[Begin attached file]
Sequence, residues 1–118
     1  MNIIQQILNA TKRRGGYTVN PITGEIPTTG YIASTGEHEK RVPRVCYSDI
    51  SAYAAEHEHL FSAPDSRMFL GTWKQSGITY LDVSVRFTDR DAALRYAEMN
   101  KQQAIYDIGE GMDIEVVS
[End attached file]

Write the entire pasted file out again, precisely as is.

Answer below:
Sequence, residues 1–118
     1  MNIIQQILNA TKRRGGYTVN PITGEIPTTG YIASTGEHEK RVPRVCYSDI
    51  SAYAAEHEHL FSAPDSRMFL GTWKQSGITY LDVSVRFTDR DAALRYAEMN
   101  KQQAIYDIGE GMDIEVVS